How to use the macOS ColorSync Utility

Maintaining color consistency between applications and devices and when printing can be a challenge. If you're unfamiliar with color matching in macOS, learn how to use the ColorSync Utility.

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Image: EMIL IMARIETLI/Getty Images

Some Mac users, especially those working within marketing, graphics, and image production industries, must ensure colors replicate properly between applications, on various devices, and when printing. macOS' ColorSync Utility permits creating profiles that, when applied, modify images to match the corresponding presets and maintain color consistency.

SEE: 10 essential apps and utilities for your Mac (free PDF) (TechRepublic)

Access the macOS ColorSync Utility by opening Finder, selecting Applications, double-clicking Utilities, and double-clicking ColorSync Utility. Next, open an image by clicking File, selecting Open, and locating the image you wish to use, then clicking the Open button. The image will open within the ColorSync Utility (Figure A).

Figure A

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The ColorSync Utility enables configuring color profiles to maintain color matching across multiple devices, applications, and when printing.

Using the drop-down menu (the menu displays the Match To Profile option by default), select either Match To Profile, Assign Profile, or Apply Profile. The Match To Profile setting adjusts the image's colors to match the ColorSync profile, modifies the image, and assigns the new ColorSync profile to that image. Assign Profile applies the ColorSync profile to the image but does not modify the image. Apply Profile adjusts the image's pixels so that the colors match the new model and ColorSync profile and assigns the original ColorSync profile to the image.

Next, click the middle drop-down menu (the menu defaults to None) to select a specific profile. Options here vary depending upon the hardware connected to the Mac and the Mac's configuration. Choices include Abstract, Color Space, Display, Input, Named Color, and Output, each of which possesses their own sub selections; for example, Display offers myriad options, including connected external displays, Adobe and Nikon configurations, and generic profiles.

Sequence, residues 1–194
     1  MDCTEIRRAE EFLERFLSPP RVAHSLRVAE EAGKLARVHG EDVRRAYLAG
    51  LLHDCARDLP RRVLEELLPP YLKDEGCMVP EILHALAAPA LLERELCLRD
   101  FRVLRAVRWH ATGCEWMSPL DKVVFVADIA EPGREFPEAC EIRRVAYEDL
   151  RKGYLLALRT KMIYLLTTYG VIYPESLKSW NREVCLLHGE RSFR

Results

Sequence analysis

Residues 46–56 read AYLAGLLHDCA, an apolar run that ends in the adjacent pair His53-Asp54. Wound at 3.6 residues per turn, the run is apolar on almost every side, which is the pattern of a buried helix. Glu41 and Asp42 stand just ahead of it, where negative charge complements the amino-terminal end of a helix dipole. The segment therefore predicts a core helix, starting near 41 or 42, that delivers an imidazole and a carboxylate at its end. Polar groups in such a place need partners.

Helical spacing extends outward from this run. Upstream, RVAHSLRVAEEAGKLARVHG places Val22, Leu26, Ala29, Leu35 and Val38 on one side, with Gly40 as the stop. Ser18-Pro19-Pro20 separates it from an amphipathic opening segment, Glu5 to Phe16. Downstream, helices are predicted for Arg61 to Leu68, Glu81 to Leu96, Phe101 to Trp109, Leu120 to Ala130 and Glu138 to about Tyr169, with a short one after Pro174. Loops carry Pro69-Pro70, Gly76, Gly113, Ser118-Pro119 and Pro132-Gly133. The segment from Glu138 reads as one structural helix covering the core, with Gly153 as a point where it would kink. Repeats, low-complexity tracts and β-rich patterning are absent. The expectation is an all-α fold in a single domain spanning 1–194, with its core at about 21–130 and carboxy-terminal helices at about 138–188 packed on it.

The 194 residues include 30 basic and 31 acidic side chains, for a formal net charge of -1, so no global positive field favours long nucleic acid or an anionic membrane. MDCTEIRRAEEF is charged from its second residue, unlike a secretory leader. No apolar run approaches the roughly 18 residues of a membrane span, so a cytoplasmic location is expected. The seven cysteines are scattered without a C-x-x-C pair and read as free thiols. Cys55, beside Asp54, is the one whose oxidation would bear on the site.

Using the third and last drop-down menu, specify the color profile's intent, such as whether the color profile is being applied to assist in generating a photograph or logo; five options exist: Automatic, Perceptual, Relative Colorimetric, Saturation, and Absolute. Each option associates different treatments with a profile. Automatic uses the default intent, while Perceptual corrects for life-like colors. Relative Colorimetric enforces color accuracy, and Saturation enables more vivid colors. Absolute, the last of the five options, adjusts the color based on white points variations. As a result, Perceptual is often used for photographs, while the Relative Colorimetric setting is used with logos. 

Once you enter the three parameters, click Apply to save the changes. Note: Additional adjustments can still be made to an image. Click the Image Correction icon found on the ColorSync Utility's top-right menu bar (the icon consists of a wrench laid diagonally across a hammer). Among the elements, Image Correction adjusts, via slider bars, are Exposure, Gamma, Saturation, Contrast, Brightness, Sharpness, and Sepia. Icons are also present for adjusting both an image's white and black points.

Should you need to confirm a pixel's color value within an image, the ColorSync Utility can help you there, too. Open ColorSync Utility, then click the Calculator tab of the ColorSync Utility System Preferences window (Figure B).

Figure B

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The ColorSync Utility Calculator helps identify specific pixel colors.

After you click the magnifying glass icon, wherever you place the cursor, the corresponding pixel color values are displayed within the ColorSync Utility Calculator window. To suspend the pixel color mode, press the Escape key or click anywhere on the screen. The ColorSync Utility Calculator will freeze, displaying the pixel information for the last highlighted color.

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